The government is tired of screwing around now, and decide to forget spy techniques, and diplomacy. They send Smitty in with a bunch of helicopters and troops to kill Richard and whoever else might be there. Unfortunately, for him Richard was tipped off, and was waiting in ambush.

Grayl wants to try one last time. This time with Josh Newton. Josh has more or less left the company, since his his first field assignment was the assassination of Martin Luther King Jr. Grayl insists that Agent Williams try anyways. Williams gets thrown out on his ass for his trouble. It just so happens that Benson is one of the black militants who is protecting Josh while he waits to testify to Congress on what has been going on. He tells Josh to grab Williams and let him know he has changed his mind.

Josh's mission was to kill Benson in some African nation. He asks Benson why he isn't there. Richard lets him know that despite what ISD claims he isn't responsible for all of the coups going on. “The revolutionary spirit is contagious”.

Believing he is safe Grayl is at the hearing before Congress. He has dirt on everyone including the President. All of a sudden his device that warns him when Richard Benson is near fires off. He freaks out, and whips out a gun. Agent Williams shows up to get him to safety. The device still beeps no matter where they go, but Williams assures him that it has a long range. Williams is of course, The Avenger. Grayl tries to make Benson understand that it was never personal, just business in saving the country. Richard tells him that he does in fact understand. That he no longer feels anger, and after years trying to get revenge for his family he has made peace with it. He still kills Grayl though, and takes his place. He then spends years doing what he thinks is right with the power he now has with Josh Newton as his aide-de-camp.

I really liked these two books, and it spans quite a number of years. 1948-72. A pretty tight story, and fast paced. Still it provides some nice moments to let other characters besides Richard Benson some face time.

The art was unique and good as well. The coloring has an interesting texture to it. Also characters and objects were outlined in black, but unless it was a completely solid piece (like a mustache or hat band for example) there were no black used. The faces had some different things going on as well. They were all very faint in their depiction. It was still easy to tell who everyone was, but they were faded? Maybe that is what I am looking for. Probably an artistic decision when dealing with someone who can change his own face at will. I like to think I am right on that.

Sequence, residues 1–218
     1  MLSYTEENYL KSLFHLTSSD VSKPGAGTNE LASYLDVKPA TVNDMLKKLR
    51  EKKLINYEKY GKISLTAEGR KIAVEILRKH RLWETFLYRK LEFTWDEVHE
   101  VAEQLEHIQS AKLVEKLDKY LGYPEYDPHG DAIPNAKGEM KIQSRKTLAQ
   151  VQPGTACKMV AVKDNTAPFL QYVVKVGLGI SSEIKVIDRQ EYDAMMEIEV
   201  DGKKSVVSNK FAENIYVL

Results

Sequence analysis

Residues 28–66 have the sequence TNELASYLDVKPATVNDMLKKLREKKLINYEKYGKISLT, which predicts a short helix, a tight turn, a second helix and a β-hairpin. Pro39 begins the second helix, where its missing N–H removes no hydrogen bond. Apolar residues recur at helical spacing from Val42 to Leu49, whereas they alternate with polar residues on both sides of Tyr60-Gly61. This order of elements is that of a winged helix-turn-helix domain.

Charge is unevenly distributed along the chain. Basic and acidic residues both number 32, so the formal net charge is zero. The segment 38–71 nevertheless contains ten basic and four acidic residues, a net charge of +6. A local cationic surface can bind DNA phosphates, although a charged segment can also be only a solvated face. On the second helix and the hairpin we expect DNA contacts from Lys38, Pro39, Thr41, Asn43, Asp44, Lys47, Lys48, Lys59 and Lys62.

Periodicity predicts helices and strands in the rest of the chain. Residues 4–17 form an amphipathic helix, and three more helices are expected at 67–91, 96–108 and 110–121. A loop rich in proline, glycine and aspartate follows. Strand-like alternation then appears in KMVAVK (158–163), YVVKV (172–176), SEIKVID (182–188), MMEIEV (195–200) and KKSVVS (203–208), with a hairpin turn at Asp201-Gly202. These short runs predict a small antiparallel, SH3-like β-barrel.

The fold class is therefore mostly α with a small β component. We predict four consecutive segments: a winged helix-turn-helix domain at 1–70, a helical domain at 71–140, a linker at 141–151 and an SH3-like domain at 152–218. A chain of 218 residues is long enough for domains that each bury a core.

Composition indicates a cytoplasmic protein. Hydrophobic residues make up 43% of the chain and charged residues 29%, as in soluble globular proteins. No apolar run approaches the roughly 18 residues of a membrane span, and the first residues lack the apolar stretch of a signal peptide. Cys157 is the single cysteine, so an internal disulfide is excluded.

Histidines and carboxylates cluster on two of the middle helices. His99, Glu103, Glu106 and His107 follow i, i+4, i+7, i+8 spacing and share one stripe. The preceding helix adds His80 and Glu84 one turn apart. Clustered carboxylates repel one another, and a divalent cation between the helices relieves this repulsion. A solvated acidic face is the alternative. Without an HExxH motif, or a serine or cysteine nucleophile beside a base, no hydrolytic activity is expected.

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I was thinking more about this series as I was on my evening constitutional. A few things did occur to me.

First, this was the definition of the slippery slope. It took years of doing, but the government eventually had the Avenger to the point of casually killing heads of state and replacing them.

Also, Richard Benson was never in the right. Killing those leaders for the US? Wrong. Killing them to inspire revolution and to get revenge on the US? Wrong. Taking over for Grayl after killing him? Wrong.

After the government appealed to the other members of the group's patriotism for the most part they were unwavering in their dedication to their mission's and the US. Seems to be one of the easiest ways to get people to do what they normally wouldn't and that has been true since the first boundaries were drawn.

This sounds like an interesting book. Really like the cover, too.

IIRC, this series came about after the success of Howard Chaykin's The Shadow, which also gave a "modern" makeover to a pulp hero. A new Doc Savage series followed, featuring Doc's grandson.

I have a feeling if you are a pulp traditionalist, you will probably hate this series.

Based on your description, I'd say you're right.  I'm not even much of an Avenger fan, and my mind is already working overtime to scrub that plot summary out of my memory.

Philip Portelli said:

IIRC, this series came about after the success of Howard Chaykin's The Shadow, which also gave a "modern" makeover to a pulp hero. A new Doc Savage series followed, featuring Doc's grandson.

I read that Chaykin Shadow series and thought it was okay. In this week's Comic Shop News they were talking about the new Shadow book Dynamite is going to put out. Parts of it sound awfully familiar  to the Chaykin series.